Review: Keanu Reeves, as director, gives ‘Man of Tai Chi’ zip
The “Bill & Ted’s"-style flop-mop that martial artist Tiger Chen sports in “Man of Tai Chi” isn’t the only reminder of Keanu Reeves in this directorial debut from the “Matrix” star. There’s Reeves himself, using his lower surfer-register for the forces of evil as a Hong Kong businessman who corrupts Chen’s idealistic, working class tai chi disciple by turning him into an underground fight club star.
But what’s most cosmically appropriate about this no-nonsense yet all-nonsense action flick is how Reeves’ greatest strength as a star — his fluid, imposing physicality — is also his best asset as a director. The brutally efficient shooting style Reeves employs to film master choreographer Yuen Woo Ping’s breathtaking fights — mostly one-on-one showdowns in tight quarters featuring Chen against a series of deadly intent opponents — is refreshingly grounded and old-school kinetic, reminiscent of Jackie Chan’s athletic roundelays over the increasingly fantastical Hong Kong action movies of late.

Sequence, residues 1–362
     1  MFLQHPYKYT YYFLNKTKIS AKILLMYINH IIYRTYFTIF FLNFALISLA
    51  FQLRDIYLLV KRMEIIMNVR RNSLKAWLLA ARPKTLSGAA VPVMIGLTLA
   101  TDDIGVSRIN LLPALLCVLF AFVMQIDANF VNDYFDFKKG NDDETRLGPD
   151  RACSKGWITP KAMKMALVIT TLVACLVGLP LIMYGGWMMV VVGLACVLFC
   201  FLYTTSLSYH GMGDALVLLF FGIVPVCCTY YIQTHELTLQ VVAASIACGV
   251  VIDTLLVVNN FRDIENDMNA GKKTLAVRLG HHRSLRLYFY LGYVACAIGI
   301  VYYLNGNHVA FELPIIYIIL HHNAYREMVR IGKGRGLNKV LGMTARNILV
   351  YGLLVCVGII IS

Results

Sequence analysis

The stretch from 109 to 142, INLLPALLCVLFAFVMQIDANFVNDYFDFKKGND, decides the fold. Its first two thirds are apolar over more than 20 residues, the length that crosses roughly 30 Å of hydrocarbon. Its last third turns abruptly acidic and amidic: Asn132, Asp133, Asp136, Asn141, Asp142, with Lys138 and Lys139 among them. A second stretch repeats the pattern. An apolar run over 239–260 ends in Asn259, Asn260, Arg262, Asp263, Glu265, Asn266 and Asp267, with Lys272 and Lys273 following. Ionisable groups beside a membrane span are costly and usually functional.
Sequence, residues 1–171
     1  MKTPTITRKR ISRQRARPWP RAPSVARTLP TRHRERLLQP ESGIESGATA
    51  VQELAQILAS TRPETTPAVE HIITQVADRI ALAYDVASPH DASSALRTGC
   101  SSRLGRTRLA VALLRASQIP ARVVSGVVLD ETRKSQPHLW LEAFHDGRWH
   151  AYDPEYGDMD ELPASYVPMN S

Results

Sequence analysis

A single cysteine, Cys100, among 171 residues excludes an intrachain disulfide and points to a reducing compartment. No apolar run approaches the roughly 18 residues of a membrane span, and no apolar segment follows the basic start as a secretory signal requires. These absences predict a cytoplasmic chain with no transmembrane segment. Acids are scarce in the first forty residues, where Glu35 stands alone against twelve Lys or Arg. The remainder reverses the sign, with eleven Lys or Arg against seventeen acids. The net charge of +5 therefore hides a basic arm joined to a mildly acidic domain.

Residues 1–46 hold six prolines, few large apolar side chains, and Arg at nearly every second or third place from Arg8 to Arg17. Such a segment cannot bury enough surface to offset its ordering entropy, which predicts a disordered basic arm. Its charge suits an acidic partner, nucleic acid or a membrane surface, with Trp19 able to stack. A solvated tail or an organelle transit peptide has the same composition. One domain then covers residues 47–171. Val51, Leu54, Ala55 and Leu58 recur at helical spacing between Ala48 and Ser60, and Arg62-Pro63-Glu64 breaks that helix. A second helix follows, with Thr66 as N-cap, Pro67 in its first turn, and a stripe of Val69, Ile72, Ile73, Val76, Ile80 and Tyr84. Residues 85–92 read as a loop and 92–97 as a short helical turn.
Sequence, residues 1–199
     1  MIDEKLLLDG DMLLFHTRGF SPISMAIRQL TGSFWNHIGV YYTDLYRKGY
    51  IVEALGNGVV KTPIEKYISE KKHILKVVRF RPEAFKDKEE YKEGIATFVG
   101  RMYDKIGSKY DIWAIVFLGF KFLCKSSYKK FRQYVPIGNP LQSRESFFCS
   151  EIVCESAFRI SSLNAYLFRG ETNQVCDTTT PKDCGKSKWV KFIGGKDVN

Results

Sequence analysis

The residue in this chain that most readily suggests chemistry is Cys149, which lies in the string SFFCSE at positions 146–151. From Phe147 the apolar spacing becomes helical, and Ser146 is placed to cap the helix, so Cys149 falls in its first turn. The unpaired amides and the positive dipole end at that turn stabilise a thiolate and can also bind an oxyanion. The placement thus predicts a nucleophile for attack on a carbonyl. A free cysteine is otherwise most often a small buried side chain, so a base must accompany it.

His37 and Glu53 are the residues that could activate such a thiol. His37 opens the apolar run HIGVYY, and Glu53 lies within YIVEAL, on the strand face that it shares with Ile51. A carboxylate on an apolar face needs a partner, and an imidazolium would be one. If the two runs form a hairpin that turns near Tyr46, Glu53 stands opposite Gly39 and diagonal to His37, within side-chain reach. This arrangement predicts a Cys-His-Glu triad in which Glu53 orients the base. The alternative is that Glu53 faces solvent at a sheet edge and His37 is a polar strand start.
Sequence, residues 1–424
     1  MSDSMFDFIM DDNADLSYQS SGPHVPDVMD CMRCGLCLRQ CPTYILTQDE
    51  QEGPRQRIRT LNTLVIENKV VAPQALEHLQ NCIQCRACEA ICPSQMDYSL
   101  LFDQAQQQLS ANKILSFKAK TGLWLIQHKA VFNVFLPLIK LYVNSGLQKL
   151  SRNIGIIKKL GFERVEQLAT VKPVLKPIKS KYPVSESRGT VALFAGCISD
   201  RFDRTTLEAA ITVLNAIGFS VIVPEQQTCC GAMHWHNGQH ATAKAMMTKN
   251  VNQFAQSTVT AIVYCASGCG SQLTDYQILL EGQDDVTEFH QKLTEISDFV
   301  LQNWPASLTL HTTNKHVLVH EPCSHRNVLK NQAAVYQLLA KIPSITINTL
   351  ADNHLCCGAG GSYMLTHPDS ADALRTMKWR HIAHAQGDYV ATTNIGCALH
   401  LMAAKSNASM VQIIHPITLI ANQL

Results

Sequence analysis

There’s even a welcome exuberance to the philosophical debate at hand: Should tai chi be an inner strength or an outward force, or both? Chen, who helped train Reeves on the “Matrix” films, proves a better actor fighting than when left alone with the camera. But that’s a quibble for a movie streamlined to evoke the timeless zip of martial arts movies past.
‘Man of Tai Chi’
MPAA rating: R for violence.
Running time: 1 hour, 45 minutes.
Playing: At AMC Burbank 8.
Only good movies
Get the Indie Focus newsletter, Mark Olsen's weekly guide to the world of cinema.
You may occasionally receive promotional content from the Los Angeles Times.